Violation of conditions. If the State Bar of Nevada determines that the firm is in violation of the conditions set forth in subsection 3(e) of this rule, the executive director of the state bar may, upon twenty (20) days’ notice, revoke the registration and the right of the firm to practice in Nevada. The executive director shall notify the supreme court clerk and the district court clerk for the county in which the law firm’s Nevada office is located of the suspension.
 Renewal of registration. On or before the anniversary date of the filing of the application with the State Bar of Nevada, a firm registered under this rule must renew its registration, providing current information and certification as required under subsection 3 of this rule. The renewal shall be accompanied by payment of an annual fee of $500.00.
 Failure to renew. A law firm registered under this rule that continues to practice law in Nevada but fails to provide the proper information and certification or pay the renewal fees set forth in subsection 6 of this rule shall be suspended from practicing law in Nevada upon expiration of a period of thirty (30) days after the anniversary date. The executive director of the state bar shall notify the firm, the supreme court clerk and the district court clerk for the county in which the law firm’s Nevada office is located of the suspension.
 Reinstatement. The firm may be reinstated upon the compliance with the requirements of subsection 6 of this rule and the payment of a late penalty of $100.00. Upon payment of all accrued fees and the late penalty, the executive director of the state bar may reinstate the firm and shall notify the firm, the supreme court clerk and the district court clerk for the county in which the law firm’s Nevada office is located of the reinstatement.
 Responsibilities of Nevada-licensed members. The members of the firm who are admitted to practice in Nevada shall be responsible for and actively participate as a principal or lead attorney in all work performed for Nevada clients and for compliance with all state and local rules of practice. It is the responsibility of the Nevada-licensed members of the firm to ensure that any proceedings in this jurisdiction are tried and managed in accordance with all applicable procedural and ethical rules and that out-of-state members of the firm comply with Rule 42 before appearing in any proceedings that are subject to that rule.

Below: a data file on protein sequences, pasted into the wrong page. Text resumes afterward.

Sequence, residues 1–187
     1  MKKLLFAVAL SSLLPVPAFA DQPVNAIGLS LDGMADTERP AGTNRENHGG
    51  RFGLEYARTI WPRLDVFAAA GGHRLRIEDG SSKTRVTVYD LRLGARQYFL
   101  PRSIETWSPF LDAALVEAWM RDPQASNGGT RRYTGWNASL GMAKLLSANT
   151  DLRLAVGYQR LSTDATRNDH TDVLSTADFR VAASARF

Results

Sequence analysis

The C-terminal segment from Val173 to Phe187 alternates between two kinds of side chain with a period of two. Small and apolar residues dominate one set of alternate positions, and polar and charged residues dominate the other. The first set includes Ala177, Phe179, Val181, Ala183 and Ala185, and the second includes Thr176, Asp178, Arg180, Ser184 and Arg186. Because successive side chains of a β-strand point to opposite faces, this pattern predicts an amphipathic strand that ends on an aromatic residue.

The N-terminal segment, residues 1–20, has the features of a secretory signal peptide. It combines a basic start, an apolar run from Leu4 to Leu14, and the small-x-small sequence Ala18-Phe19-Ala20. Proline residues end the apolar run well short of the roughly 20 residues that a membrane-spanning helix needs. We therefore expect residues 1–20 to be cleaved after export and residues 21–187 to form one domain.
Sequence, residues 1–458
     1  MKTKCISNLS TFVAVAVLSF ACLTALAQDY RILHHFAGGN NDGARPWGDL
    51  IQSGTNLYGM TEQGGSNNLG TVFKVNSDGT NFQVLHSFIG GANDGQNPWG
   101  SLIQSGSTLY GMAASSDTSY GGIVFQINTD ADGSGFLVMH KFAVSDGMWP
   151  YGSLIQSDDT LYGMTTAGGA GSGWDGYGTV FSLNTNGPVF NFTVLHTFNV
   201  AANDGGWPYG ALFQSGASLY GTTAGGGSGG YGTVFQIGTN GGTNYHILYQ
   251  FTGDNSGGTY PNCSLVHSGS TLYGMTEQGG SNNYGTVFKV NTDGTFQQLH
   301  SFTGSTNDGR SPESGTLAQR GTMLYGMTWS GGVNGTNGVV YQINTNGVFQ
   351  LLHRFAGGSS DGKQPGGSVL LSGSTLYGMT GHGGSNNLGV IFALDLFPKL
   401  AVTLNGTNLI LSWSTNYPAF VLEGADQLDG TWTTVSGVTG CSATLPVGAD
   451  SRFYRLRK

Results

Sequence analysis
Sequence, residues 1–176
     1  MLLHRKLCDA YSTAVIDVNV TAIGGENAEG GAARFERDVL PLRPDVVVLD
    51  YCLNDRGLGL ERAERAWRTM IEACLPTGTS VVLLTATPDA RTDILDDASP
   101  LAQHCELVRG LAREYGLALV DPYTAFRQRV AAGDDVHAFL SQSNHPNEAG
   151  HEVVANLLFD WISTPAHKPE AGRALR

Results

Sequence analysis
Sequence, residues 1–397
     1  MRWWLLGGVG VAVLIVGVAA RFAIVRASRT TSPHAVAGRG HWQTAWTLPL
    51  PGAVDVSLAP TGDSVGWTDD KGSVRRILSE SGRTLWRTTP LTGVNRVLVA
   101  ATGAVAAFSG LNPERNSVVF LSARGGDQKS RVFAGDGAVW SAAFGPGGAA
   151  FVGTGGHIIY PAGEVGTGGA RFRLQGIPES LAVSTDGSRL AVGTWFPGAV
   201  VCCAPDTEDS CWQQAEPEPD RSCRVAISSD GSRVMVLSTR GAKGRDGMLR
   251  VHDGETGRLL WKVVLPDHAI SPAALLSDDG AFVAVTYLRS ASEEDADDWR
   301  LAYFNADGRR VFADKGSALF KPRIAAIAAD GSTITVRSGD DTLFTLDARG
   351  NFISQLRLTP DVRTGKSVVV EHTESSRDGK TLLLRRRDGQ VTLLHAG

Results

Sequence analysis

Confidentiality. The State Bar of Nevada shall not disclose the application for registration to any third parties unless necessary for disciplinary investigation or criminal prosecution for the unauthorized practice of law.
An applicant for admission to the bar, or a lawyer in connection with a bar admission application or in connection with a disciplinary matter, shall not:
 Fail to disclose a fact necessary to correct a misapprehension known by the person to have arisen in the matter, or knowingly fail to respond to a lawful demand for information from an admissions or disciplinary authority, except that this rule does not require disclosure of information otherwise protected by Rule 156.
 A lawyer shall not make a statement that the lawyer knows to be false or with reckless disregard as to its truth or falsity concerning the qualifications or integrity of a judge, adjudicatory officer or public legal officer, or of a candidate for election or appointment to judicial or legal office.
 A lawyer having knowledge that another lawyer has committed a violation of the Rules of Professional Conduct that raises a substantial question as to that lawyer’s honesty, trustworthiness or fitness as a lawyer in other respects, shall inform the appropriate professional authority.
 A lawyer having knowledge that a judge has committed a violation of applicable rules of judicial conduct that raises a substantial question as to the judge’s fitness for office shall inform the appropriate authority.
It is professional misconduct for a lawyer to:
A lawyer admitted to practice in this jurisdiction is subject to the disciplinary authority of this jurisdiction although engaged in practice elsewhere.